The Centre for Evidence-Based Medicine has launched a new series of open reviews to provide timely updates of the evidence of particular aspects of COVID-19, in real-time. Systematic and regular searches for studies are undertaken to evaluate their quality and implications, to ensure accuracy and reliability. All review findings are indexed on the Oxford Research Archive.
The reviews include recommendations for health and care policymakers, and the authors suggest reviewing all the evidence provided on a particular study to interpret the study summaries, not just one.
The first of these reviews analyses the transmission dynamics of COVID-19, published on 4 June 2020.
With uncertainty around the characteristics of such a novel disease, the first part of the open evidence synthesis will consist of a search of the evidence and description with tabulation of the findings around the means by which COVID-19 is transmitted. This includes insight around the acceleration or delay in its spread, the mode of transmission and role of asymptomatic infected people.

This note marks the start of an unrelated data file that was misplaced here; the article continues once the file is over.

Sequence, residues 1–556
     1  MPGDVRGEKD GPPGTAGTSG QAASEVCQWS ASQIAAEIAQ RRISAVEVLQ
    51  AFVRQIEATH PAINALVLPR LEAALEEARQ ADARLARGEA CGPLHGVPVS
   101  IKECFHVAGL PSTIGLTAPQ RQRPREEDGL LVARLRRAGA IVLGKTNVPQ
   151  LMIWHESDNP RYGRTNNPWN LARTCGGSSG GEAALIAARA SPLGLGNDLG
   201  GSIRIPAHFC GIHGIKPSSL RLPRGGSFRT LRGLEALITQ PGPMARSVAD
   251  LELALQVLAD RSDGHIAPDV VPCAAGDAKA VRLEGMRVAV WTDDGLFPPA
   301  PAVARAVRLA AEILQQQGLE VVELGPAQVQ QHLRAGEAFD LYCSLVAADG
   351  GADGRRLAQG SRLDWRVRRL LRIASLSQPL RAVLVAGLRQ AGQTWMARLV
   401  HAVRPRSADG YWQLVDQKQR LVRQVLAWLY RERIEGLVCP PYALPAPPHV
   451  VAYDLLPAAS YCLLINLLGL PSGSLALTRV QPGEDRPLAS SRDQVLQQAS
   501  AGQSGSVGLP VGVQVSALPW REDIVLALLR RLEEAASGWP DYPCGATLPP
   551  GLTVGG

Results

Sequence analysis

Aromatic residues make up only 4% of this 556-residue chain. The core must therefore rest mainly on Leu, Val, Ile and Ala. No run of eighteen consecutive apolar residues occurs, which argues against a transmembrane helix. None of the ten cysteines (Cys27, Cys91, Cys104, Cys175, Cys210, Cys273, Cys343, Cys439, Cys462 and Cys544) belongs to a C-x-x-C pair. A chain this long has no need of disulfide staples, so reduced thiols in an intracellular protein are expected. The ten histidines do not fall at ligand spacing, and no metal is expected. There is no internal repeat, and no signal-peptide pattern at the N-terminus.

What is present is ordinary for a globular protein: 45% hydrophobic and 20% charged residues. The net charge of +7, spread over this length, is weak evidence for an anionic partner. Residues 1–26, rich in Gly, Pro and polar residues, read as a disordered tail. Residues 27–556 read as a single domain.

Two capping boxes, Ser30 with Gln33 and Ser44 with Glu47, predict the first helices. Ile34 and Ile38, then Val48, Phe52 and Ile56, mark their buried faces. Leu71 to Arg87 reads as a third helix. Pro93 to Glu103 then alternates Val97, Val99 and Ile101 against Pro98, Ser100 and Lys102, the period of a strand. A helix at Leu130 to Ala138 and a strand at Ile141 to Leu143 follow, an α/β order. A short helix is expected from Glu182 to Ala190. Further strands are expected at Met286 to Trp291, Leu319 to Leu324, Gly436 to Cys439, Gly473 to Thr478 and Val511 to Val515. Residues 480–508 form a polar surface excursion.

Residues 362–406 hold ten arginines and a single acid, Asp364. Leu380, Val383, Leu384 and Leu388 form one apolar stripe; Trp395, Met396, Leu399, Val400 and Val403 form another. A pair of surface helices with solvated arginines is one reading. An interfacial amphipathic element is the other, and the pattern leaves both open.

We are using the evidence to formulate hypothesis on the mechanisms that facilitate rapid spread of COVID and provide policy advice on those strategies that reduce transmission.
The second phase will focus on making more information available and possibly define a mode of transmission or set out a series of hypotheses to be tested by further work.
Because of its importance across public health and its evolving nature, extractions and summaries of all studies around COVID-19 transmission have been made available, and will continue to be updated fortnightly here. There are more than 60 accessible extraction summaries for transmission, and a further 40 are in development.
The team are working on two additional open reviews:
- Environmental Exposures: evaluating multiple environmental exposures and acute respiratory infection
- Workplace Exposures: evaluating multiple environmental exposures and acute respiratory infection
All exposures will be grouped into themes to provide a better understanding, highlight the key emerging messages and build a useable, searchable database on the variables of COVID-19.
Carl Heneghan, Professor of Evidence-Based Medicine, Director of Centre for Evidence-Based Medicine and the Evidence-Based Health Care Programme
Annette Pluddemann, Course Director for the MSc in Evidence-Based Health Care
Tom Jefferson, Senior Research Fellow, Centre for Evidence-Based Medicine
Elizabeth Spencer, Researcher
Nia Roberts, Outreach Librarian, Bodleian Library